London Attractions: Labatt Breweries
London Community News
The Labatt Brewing Company, located at 150 Simcoe Street in London, produces about 40 per cent of all the beer brewed in Canada, and is the largest brewer in Canada.
Following a $50 million expansion in 2000 and a $40 million expansion in 2006, the London facility produces the equivalent of one billion bottles of beer per year.
In 1855, John Kinder --10 years after he emigrated from Ireland --purchased London’s Simcoe Street Brewery with partner Samuel Eccles. In the 1850s, the completion of the Great Western Railway gave Kinder the opportunity to expand his business to Toronto, Montreal and the Maritimes. The brewery was later re-named John Labatt’s Brewery.
At the time, the brewery was producing about 1,000 bottles of beer per year. Brewing had always been a Labatt family tradition. John Labatt Jr. became involved in the business at an early age and took over the family business when his father died in 1866.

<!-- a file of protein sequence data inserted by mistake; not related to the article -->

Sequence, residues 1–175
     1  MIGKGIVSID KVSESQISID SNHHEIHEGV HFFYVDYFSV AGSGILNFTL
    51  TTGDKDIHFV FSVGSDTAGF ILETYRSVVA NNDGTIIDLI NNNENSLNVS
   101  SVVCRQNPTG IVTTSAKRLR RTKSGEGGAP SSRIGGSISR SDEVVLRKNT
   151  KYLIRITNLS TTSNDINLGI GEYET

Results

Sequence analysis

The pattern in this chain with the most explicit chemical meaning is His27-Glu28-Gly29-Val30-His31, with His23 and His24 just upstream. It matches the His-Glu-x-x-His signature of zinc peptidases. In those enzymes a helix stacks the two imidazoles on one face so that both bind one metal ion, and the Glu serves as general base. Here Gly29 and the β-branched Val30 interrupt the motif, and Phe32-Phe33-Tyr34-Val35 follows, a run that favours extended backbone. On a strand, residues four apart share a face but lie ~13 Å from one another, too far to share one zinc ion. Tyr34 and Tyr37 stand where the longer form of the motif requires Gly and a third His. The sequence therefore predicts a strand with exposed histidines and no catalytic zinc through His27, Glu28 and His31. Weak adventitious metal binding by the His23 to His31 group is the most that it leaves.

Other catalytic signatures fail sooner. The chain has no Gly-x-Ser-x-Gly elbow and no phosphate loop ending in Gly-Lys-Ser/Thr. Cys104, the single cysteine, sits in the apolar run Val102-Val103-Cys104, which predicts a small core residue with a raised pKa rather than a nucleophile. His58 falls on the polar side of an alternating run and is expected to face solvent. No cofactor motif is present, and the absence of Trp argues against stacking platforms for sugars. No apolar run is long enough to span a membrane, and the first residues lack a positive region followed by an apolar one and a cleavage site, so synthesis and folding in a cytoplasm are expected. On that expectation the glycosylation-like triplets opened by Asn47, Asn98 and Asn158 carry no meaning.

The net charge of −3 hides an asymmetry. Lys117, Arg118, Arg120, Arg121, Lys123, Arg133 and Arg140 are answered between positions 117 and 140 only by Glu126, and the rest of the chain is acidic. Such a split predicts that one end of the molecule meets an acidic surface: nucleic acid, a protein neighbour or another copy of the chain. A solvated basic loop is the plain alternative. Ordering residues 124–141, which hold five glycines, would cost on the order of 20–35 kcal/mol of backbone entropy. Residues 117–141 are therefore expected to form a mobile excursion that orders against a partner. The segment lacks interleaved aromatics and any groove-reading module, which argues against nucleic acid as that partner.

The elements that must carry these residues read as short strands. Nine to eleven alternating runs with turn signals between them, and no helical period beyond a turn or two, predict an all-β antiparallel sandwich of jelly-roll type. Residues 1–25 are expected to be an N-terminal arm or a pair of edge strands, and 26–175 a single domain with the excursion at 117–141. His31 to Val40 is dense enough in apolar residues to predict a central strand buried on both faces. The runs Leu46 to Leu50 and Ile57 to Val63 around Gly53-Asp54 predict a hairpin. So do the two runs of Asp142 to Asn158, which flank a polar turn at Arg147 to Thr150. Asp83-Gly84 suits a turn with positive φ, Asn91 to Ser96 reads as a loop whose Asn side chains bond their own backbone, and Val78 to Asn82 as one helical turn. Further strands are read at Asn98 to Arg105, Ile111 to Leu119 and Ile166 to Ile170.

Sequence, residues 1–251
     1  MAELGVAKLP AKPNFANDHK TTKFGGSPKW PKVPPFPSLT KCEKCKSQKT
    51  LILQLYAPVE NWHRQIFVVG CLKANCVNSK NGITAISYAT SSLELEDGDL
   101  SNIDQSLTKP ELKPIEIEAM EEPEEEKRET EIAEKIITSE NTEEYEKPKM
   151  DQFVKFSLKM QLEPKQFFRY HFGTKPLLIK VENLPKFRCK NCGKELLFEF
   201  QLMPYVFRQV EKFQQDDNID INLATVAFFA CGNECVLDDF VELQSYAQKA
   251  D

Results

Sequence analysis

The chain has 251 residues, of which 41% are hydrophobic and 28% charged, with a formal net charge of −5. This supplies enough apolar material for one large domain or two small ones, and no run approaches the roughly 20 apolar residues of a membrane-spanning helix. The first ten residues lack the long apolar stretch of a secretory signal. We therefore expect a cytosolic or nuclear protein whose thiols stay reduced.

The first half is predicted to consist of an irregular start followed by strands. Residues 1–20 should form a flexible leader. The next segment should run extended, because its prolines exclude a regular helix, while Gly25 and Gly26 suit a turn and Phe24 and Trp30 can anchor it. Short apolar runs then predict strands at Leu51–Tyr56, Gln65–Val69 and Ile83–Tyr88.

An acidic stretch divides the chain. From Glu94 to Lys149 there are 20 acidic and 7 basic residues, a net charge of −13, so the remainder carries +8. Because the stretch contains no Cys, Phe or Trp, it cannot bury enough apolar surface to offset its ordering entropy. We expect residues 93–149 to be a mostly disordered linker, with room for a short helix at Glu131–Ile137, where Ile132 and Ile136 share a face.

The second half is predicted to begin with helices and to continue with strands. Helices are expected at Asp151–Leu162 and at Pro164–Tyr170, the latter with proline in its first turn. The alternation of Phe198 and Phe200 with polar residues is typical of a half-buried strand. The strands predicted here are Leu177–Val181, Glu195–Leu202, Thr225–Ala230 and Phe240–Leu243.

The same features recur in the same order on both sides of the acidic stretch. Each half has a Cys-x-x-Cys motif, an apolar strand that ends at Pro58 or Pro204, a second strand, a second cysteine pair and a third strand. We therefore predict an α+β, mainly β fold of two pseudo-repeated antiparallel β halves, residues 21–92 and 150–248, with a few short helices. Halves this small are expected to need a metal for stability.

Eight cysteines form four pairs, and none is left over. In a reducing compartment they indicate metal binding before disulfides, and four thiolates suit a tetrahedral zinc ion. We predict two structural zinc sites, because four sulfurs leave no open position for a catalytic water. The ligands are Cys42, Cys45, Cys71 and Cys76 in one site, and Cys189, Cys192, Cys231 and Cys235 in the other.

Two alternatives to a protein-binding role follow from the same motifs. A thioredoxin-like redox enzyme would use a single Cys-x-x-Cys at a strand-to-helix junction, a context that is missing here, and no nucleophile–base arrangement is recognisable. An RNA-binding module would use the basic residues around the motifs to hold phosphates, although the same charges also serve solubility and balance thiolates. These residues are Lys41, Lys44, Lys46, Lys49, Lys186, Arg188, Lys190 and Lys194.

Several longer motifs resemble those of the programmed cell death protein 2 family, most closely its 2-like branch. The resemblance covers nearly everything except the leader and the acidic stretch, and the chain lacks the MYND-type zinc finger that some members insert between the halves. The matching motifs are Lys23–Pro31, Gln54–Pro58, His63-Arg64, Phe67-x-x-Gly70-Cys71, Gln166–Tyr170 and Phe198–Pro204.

John Jr.’s recipe for India Pale Ale won a silver medal at the Dominion of Canada Exposition in 1876, and many other awards worldwide. In 1916, prohibition was instituted in Ontario. Labatt survived by producing beer for export to the United States and by introducing two “temperance ales” at less than two per cent alcohol. Labatt became a publicly traded company in 1945.
Labatt has sponsored the construction of many London landmarks, including Labatt Park, the John Labatt Centre and the John Labatt Visual Arts Centre at the University of Western Ontario. Arthur Labatt was the 19th Chancellor of UWO from 2004-2008.
In June 2011, Labatt Breweries donated its archive collection, valued at $8.3 million, to Museum London and the University. The material, including original art, brewery artifacts and collectibles dating back to 1850, represent the first historical collection of the brewing industry in Canada.
Brewery tours run Monday to Friday at a cost of $10 per person. The two-hour tour includes a walkthrough of the brewhouse, as well as the fermenting, ageing, and packaging areas. The tour also includes a tasting session, and beer trivia and question period.